Help! My Baby Won’t Stop Crying!

During the later stages of pregnancy, us Moms to be mentally prepare ourselves on how to survive sleepless nights, juggle regular diaper changes and even how to cope with the crying, but what if your baby cries nearly all the time?! How do you know what is wrong and what can you do to settle and calm your baby?

There are various reasons why your baby may be crying; here are the obvious suspects and what you can do to soothe them.


One of the most common reasons I baby will be crying is because they are hungry – and in the early days this can be a LOT, even if it feels like you’ve only just nursed or given a bottle. As a newborn, your baby’s tummy is really, really tiny, meaning that it can’t hold much at a time. As a result, you may find that your baby shows signs of hunger more often than you would expect. If you are feeding on demand or responsive feeding, you may find that they aren’t on the breast for long, but then want to go back on very soon after. As hard as this can be to navigate, they will soon establish more of a nursing routine.


As a newborn, the visible cues that your baby is tired are much harder to recognise. Just in the same way that we get a bit grumpy when we’ve not had enough sleep, your baby can become fractious and upset if they are overtired or even overstimulated.

As they get bigger, you may start to notice repeated behaviours that indicate your baby is ready for a nap and keeping a close track of these can help prevent your baby getting upset through exhaustion. Cues can include simple things like going quiet and still, staring into space or fussing, or may be more obvious signs such as yawns or rubbing at their eyes or ears. They may even audibly moan or sigh.

Gas / Trapped Wind / Colic

If your baby has trapped wind, gas or even painful colic, this can be another common cause of crying. With colic, you will notice that your baby may cry more loudly, appear visually more frustrated and may also go red in the face or flushed. She may pull up her knees or thrash around her arms, and this is probably because her tummy is hurting or uncomfortable.

There are a variety of ways to help soothe a baby with colic, including medication if necessary. When it comes to preventing the less troublesome gas and wind, keep your baby upright for around 30 minutes after a feed where possible, rubbing and tapping their back to expel any trapped air. If you are bottle feeding, hold the bottle at an angle, ensuring that the teat is full of milk to avoid them gulping large amounts of air as they feed. If you are breastfeeding and have a particularly strong let down, you may want to pause mid feed to wind them before resuming.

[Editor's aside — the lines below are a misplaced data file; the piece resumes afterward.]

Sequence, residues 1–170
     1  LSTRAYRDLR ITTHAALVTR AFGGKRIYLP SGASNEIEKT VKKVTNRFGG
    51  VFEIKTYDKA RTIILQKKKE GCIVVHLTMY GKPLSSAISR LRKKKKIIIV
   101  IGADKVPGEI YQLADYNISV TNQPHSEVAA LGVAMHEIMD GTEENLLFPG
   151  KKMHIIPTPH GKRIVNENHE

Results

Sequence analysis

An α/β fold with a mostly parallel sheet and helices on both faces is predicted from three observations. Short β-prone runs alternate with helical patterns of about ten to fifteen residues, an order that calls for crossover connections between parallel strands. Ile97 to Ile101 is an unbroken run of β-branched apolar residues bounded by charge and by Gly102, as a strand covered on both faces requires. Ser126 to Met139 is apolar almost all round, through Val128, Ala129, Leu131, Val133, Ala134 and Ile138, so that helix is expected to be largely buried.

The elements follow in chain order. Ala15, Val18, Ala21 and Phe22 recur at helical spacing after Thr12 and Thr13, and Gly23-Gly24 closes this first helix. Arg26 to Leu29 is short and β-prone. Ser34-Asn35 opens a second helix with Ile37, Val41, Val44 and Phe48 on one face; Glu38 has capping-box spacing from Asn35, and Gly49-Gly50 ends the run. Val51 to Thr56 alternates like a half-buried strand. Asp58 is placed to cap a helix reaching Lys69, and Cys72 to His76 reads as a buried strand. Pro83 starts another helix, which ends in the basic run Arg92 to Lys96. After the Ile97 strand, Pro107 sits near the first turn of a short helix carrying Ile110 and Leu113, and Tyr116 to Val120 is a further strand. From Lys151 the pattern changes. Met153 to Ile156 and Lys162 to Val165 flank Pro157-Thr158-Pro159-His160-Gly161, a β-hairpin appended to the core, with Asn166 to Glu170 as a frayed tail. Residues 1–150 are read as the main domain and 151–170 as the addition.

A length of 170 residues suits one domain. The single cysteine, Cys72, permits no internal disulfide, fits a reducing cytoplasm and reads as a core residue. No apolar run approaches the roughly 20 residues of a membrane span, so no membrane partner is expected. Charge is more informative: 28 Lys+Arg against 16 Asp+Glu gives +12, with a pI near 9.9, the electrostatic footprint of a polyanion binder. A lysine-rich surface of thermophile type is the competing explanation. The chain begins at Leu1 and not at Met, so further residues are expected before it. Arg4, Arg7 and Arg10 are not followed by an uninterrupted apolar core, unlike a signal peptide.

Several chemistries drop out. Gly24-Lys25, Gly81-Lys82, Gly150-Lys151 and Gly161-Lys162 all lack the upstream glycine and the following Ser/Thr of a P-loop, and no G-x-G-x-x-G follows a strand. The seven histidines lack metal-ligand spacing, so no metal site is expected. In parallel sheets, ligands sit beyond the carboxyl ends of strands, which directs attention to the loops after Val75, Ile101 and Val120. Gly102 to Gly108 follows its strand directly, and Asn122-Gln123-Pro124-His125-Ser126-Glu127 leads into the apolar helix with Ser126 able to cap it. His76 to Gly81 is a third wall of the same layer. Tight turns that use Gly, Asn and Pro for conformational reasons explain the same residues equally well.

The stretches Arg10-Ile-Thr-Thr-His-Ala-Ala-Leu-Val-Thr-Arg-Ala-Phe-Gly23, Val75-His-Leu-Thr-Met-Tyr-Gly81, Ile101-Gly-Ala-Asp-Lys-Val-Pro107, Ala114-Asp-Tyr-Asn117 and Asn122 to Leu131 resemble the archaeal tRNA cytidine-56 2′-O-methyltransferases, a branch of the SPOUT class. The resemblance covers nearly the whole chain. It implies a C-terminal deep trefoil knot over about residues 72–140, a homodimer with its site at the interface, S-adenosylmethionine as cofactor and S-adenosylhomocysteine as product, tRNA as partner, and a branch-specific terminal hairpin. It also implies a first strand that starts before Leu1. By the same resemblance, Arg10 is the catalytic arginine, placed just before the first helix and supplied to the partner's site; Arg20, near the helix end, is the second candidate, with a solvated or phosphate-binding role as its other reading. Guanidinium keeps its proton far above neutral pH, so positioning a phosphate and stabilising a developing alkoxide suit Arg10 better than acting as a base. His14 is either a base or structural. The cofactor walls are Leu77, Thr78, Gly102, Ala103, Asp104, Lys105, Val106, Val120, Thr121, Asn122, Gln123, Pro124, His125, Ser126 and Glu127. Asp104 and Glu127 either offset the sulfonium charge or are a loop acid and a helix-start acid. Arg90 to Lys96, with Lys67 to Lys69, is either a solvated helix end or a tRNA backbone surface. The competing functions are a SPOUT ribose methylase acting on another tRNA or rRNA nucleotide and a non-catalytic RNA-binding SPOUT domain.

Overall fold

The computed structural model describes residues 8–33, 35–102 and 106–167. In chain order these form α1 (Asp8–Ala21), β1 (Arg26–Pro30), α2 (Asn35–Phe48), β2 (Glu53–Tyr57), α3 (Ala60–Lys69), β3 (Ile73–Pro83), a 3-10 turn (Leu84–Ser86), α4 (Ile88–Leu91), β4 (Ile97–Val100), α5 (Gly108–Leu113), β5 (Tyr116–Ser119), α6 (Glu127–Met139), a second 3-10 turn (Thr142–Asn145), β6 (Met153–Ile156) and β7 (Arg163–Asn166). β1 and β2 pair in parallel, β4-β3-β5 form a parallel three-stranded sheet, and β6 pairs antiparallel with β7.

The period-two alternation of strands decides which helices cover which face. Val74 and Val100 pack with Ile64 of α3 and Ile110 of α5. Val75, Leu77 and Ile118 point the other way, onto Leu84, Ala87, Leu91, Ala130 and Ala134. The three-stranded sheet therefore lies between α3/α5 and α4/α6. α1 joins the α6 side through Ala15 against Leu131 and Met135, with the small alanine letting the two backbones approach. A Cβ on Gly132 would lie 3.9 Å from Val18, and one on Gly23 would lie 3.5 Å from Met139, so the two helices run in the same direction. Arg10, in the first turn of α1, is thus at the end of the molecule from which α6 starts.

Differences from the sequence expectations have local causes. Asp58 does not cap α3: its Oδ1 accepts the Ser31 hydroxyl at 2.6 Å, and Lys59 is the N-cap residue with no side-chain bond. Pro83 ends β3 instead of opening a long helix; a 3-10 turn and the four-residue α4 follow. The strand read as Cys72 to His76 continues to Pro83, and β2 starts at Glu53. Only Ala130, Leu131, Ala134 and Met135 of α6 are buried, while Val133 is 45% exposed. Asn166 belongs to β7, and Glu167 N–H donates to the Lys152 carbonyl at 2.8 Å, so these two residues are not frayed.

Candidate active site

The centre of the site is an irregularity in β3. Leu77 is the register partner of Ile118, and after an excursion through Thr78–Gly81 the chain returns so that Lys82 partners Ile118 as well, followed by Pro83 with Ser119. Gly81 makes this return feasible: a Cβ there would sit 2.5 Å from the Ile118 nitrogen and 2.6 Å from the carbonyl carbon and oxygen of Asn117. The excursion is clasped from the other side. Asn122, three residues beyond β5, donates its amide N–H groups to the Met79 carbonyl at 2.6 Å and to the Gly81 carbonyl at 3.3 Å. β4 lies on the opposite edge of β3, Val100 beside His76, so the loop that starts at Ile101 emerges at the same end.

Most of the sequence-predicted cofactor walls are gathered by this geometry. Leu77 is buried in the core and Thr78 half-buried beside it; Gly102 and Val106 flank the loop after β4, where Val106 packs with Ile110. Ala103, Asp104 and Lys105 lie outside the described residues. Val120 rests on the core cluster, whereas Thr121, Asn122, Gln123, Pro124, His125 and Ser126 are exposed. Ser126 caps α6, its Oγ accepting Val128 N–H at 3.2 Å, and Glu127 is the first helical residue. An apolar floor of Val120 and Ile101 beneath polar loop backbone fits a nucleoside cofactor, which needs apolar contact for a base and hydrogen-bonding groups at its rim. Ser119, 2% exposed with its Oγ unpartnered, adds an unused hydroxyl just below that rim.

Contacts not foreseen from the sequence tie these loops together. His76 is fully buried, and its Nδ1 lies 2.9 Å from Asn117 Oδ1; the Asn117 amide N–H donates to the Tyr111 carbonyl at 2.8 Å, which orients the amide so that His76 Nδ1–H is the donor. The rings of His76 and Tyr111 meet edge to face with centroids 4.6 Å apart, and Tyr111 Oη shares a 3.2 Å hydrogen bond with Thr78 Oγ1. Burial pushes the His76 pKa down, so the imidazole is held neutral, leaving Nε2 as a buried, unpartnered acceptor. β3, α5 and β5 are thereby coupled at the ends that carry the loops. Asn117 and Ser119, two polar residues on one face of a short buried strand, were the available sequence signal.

Newborn babies aren’t able to regulate their temperatures, meaning they depend fully on you to make sure they are warm enough. In those early newborn days this means diaper changes can lead to full on melt downs, but these can usually quickly be remedied by getting them snuggled back up and warm as soon as possible. Skin to skin is also great for helping regulate their temperature, whilst also providing the reassuring sound of your heart beat as they lie upon your chest.

Dirty Diaper

Another obvious reason your baby is crying is if they’ve soiled or wet their diaper, again usually because this can leave them feeling cold or uncomfortable.

Whilst the scent is usually a pretty good indicator (nothing that a simple sniff won’t identify!) regular diaper changes are also recommended to avoid skin irritation too.


Finally, it’s important not to forget that the world is a very alien place to a newborn and as a result, sometimes they just want to be close to you. Whether that’s a comforting cuddle on your chest, being held in your arms or simply lying by your side, the reassurance that your close proximity, scent and voice will provide shouldn’t be underestimated!

The more you get to know your baby, the more you learn about their personalities, and the more obvious each of these reasons for crying will be. Your baby will learn to communicate with you, even through subtle body movements, responses and reactions; helping you to understand with a little more confidence why they might be upset. In the meantime, there may be a little trial and error along the way!

Lucy Cotterill
Lucy is a UK-based parenting and lifestyle blogger who has also featured in the Huffington Post. A Mom of two daughters, Lucy is passionate about sharing the true reality of parenthood and helping others through their first experiences. In her free time she loves to write, go on day trips with her family and photography.

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